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Top Fin Aquatics

YoYo Loach

YoYo Loach

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The Yo-Yo Loach (Botia almorhae), also known as the Pakistani Loach (even though it is not from Pakistan), is native to the Ganges River system in Northern India. Named for its juvenile color pattern that appears to spell "Yo Yo," this species is a very active, inquisitive fish that is very gregarious in nature. As it matures, its black and gold coloration develops into a more complex, reticulated maze-like pattern. It is compatible with many other fish and plants as well.

The Yo-Yo Loach is an omnivorous species requiring a diet of meaty foods regularly supplemented with vegetable and fruit matter. It will often accept high quality dry foods, but its diet should also include regular offerings of live/frozen meaty foods of invertebrate origin. It also eats a fair amount of vegetable or fruit matter, so these items should be offered in sparing amounts on a regular basis. There are some reports that the Yo-Yo Loach may occasionally eat soft leaf plants, so care should be taken to observe this fish when adding it to an aquarium with such plants. It is not known to bother more durable plants with heavier leaves, such as Anubias, Java Fern, Moneywort, and most mosses, among many other plants. In most cases, the Yo-Yo Loach will not do significant damage to well-established plants in a larger aquarium as long as it is well-fed, including regular, but sparing vegetable and fruit matter in its diet.

The aquarium of the Yo-Yo Loach should include plenty of plants, rockwork, and driftwood for it to explore. Plenty of cover is necessary for this species and will ensure the most activity and least stress. The Yo-Yo Loach is an active species that also needs plenty of clear room in the aquarium for swimming and exploring. It exhibits a very sophisticated schooling behavior and social hierarchy where each individual species constantly strives to be the “leader of the school” by swimming to the front of the group. While this behavior may seem aggressive, it generally involves no real fighting and results in an exceptional level of activity. As long as the school includes at least 6-8 specimens, aggression or bullying within the school will be minimal or nonexistent. However, if the Yo-Yo Loach is kept solitarily or in too small of a group, it can become withdrawn or aggressive. It will sometimes jump from the water, so a secure lid is necessary for its aquarium.

The Yo-Yo Loach will thrive in an aquarium with very clean, well-maintained, high-oxygen water of moderate or high water flow and is generally peaceful with other species of fish, although its boisterous nature can be stressful to other very passive fish. It is an excellent tankmate for most rasboras, tetras, danios, livebearers, and other schooling fish that inhabit the middle and upper levels of the water column. In a spacious tank, it can also be kept with other bottom-dwelling fish that are not too timid or prone to be outcompeted at feeding time. The Yo-Yo Loach, like most typical loaches, often preys on tiny shrimp and snails. This is very useful in helping reduce “pest snails,” but must also be considered with larger ornamental snails and shrimp. The Yo-Yo Loach is a predator of many invertebrates.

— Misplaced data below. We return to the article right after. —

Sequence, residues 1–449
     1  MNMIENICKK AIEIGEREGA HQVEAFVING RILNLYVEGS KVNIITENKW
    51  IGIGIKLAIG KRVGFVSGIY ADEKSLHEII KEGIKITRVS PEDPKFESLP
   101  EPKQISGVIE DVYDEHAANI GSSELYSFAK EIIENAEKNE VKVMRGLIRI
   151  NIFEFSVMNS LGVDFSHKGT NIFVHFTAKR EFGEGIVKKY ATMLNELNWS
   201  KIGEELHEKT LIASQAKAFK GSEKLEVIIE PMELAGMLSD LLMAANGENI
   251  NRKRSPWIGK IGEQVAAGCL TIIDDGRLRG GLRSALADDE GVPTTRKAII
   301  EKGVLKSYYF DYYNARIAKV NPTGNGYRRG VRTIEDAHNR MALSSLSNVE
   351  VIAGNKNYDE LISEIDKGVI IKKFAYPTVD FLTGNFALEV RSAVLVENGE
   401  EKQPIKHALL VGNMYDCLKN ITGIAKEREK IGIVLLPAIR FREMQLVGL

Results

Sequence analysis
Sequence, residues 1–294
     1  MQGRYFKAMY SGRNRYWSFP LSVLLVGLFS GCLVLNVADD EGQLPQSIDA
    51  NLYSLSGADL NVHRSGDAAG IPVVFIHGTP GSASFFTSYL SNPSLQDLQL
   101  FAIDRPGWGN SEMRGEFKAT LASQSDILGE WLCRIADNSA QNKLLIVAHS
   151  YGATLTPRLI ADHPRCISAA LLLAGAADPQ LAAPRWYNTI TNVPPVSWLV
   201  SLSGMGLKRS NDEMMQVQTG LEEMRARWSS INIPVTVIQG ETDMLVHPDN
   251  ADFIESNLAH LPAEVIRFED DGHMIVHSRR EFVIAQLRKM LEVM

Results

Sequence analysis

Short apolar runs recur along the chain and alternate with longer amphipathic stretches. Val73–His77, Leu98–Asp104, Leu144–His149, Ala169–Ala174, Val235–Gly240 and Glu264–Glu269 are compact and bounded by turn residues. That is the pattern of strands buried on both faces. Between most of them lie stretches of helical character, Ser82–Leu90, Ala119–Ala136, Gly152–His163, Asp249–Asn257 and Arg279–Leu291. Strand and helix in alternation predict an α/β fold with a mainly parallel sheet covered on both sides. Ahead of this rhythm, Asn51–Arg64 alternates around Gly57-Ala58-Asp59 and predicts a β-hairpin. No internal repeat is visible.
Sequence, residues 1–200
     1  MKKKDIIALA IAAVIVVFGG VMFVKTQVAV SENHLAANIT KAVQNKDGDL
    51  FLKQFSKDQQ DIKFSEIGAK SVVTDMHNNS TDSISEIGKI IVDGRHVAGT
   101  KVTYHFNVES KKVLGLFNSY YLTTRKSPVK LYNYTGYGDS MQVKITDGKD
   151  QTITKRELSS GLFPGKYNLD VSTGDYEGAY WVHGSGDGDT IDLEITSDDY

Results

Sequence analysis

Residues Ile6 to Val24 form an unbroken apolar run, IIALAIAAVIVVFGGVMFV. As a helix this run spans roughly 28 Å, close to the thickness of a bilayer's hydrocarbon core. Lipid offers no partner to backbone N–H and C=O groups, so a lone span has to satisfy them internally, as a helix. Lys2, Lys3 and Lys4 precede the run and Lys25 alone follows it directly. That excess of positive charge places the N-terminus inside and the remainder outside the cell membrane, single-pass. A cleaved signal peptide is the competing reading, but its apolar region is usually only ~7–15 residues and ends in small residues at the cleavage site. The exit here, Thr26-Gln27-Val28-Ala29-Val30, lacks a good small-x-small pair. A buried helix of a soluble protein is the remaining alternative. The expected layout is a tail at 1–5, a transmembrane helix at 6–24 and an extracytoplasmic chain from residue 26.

The Yo-Yo Loach is a truly entertaining highlight of the aquarium under the right conditions. Its personality, appearance, and activity make it a truly exceptional species that is beloved in the aquarium hobby.


What We Like About This Fish:

  • Vivid black reticulated pattern over gold body coloration
  • Incredibly bold and active fish that almost never stops swimming and foraging
  • Adaptable to a very wide temperature range
  • Very active in middle and lower levels of the aquarium
  • Excellent candidate for many planted aquariums


  • Temperature:  66° - 81.5° F (19° - 27.5° C). Care should be exercised to maintain high dissolved oxygen levels at the higher end of this temperature range.
  • pH:  5.5 – 7.5
  • KH:  8 - 12 dKH
  • Minimum tank size:  55+ gallons for a small group


  • Diet:  Omnivore. Live and frozen meaty foods, especially frozen foods such as cyclops, Daphnia, Artemia, Tubifex, and bloodworms will all be readily accepted. High quality dry foods are also likely to be accepted. Some plant and fruit matter, such as cucumber, zucchini, blanched spinach, and melon should also be offered.
  • Social behavior MUST be kept in schools of 6-8+ specimens. This species exhibits complex schooling behavior and will often become withdrawn or aggressive when kept by solitary or in smaller groups.
  • Origin: India
  • Average adult size:  5.5 – 6.3 inches (14 - 16 cm)
  • Average purchase size:  1 - 2 inches (2.5 - 5 cm)
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